Monday, 10 May 2010

Looking back at your preliminary task, what do you feel you have learnt in the progression from it to the full product?

I feel I was more enthusiastic about this task than my preliminary site. I still feel the first site was effective and had a certain good quality, but compared to the new site, our group tried a lot harder and so the product was better. We were more devoted to the new task and showed our new devotion by staying after hours at school to get all the work done, and research it all together to guarantee success.

I learnt how to create borders and why it is important to keep a consistent house border style using colours found either in the picture or in other parts of the site; this create a constant theme throughout.

I also learnt how to spot conventions of other sites and how to apply them to my own, to create an effective yet original site. I also learnt how to work a number of iMac programmes including iWeb. Another thing I learnt was the importance of audience research and questionnaires/surveys.

How did you attract/ address your audience?

We started off by doing primary website research, looking to see the conventions of other websites devoted to animal conservation. This helped us easily establish what we should ensure to include in our site to make it as simple yet effective as possible, and easily reached by the public.
The audience we aimed to target our site at were specifically those between the ages of twenty one and thirty, after primary research. We decided as a group, however, to still try to aim for other ages, and so we decided to design our site aiming at all ages as well as specifying the particular group we were hoping to attract.

The particular language we used on our site is formal yet simple and used in such a way that anyone can understand it. We aimed to appeal to all audiences and so we knew the simple language would appeal to people of all backgrounds and intellectualities.
We stuck to colours we associated with zoos, such as greens and blues. We found out through research that these colours were calming to an audience and so would be very welcoming to any of our potential guests and donors.

We placed our logo in the far left corner of the page and a navigation bar near the top of the screen, which was a consistent theme placed on each page of the site in order for our users to be able to steer themselves easily around the site.

Our font size was a size 12, which is big enough for users to read but not too big to make the page look distasteful. Our headers were set at size 23, in order to clarify the difference between the header and the writing below. It is important for our site users to be able to easily distinguish the difference between the header and the remainder of the text.

We hoped for the public to be able to use our site freely and easily. We were confident with the product we have composed and know it will be appealing to the public. Additional help from our subject teacher helped us to ensure we covered each aspect of what was needed to create an effective site.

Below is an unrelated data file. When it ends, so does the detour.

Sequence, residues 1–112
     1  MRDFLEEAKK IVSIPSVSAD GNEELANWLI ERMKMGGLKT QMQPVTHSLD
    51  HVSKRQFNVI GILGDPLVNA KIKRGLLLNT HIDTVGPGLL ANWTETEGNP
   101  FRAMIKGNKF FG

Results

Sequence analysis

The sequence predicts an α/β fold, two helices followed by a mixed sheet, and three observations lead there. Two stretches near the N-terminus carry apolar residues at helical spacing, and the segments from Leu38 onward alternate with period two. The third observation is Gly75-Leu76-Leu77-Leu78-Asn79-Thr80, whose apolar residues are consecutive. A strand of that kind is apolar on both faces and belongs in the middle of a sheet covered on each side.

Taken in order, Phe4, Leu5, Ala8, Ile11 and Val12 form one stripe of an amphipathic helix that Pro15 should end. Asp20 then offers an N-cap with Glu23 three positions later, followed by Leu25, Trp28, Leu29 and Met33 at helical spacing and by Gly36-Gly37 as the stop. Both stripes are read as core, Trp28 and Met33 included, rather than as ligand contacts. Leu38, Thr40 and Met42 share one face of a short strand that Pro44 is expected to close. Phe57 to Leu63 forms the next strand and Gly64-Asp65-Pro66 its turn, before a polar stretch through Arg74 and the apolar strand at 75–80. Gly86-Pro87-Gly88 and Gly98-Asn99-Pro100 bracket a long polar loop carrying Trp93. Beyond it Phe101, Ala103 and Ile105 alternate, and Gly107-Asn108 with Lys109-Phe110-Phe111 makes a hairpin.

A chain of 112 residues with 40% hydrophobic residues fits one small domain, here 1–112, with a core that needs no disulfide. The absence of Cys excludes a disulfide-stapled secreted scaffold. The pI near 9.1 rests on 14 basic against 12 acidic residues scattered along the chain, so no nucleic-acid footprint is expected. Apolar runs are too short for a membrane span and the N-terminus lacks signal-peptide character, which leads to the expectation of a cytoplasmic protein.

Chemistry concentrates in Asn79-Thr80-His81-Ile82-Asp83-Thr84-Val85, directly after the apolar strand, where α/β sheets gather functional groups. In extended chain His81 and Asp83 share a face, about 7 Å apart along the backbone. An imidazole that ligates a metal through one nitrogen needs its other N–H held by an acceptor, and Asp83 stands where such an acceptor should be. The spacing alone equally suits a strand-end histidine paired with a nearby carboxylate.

Who would be the audience for your media product?

We handed out over twenty-five questionnaire surveys to several demographics and worked out who we thought our target audience would be. We were careful to ensure that the questions we used were not biased and clearly stated our aims of looking for the public’s preferences and behaviors.

The surveys helped us clearly establish who we should aim for our target audience to be. We discovered that those between the ages of 21-30 receiving an income up to twenty thousand pounders per year we more likely to donate on a regular basis to animal conservation charities.

In what ways does your media product use, develop or challenge forms and conventions of real media products?

'Cambridge Animal Sanctuary' is the media product I will be evaluating. It is a charity website and its function is to promote my made up zoo and to receive donations from the public in order to keep my zoo in operation.
I looked at the website for the London Zoo for inspiration on how to design my site. Their format was attractive yet simple as the navigation was easy, which is essential to the average internet browser. An example of this would be to use the same site menu bar located somewhere on each page. This bar would contain links to other pages on my site, such as ‘home’ and ‘donate’. An example of the London Zoo page is shown below.

I created a website template which followed trendy styles, often used by many other sites. For example: We placed our logo at the top of the page in the far left corner with the initials of the zoo. We fashioned the logo using ‘Photoshop’, principally the word processing tool.
As I mentioned before, conventionally it is accepted to have a navigation bar near the top of the screen and our site is no different. The bar is repeated on every page to make it consistent and easy to use for any site visitors. Beneath the bar sits a small gap in the page which is used to emphasize the separation between the title bar and the content of the page so as not to confuse any online guests; its indirect job is also to spread out the page in order to keep it looking organized and efficient. We created our own footer, using a selection of photographs related to the zoo. We believe this keeps our page looking innovative, because it is a feature we did notice on any other sites during the research stage. Our footer is shown below.

The content of the website was the creation of my group and me. We generated all of our photographs, icons, and page layouts.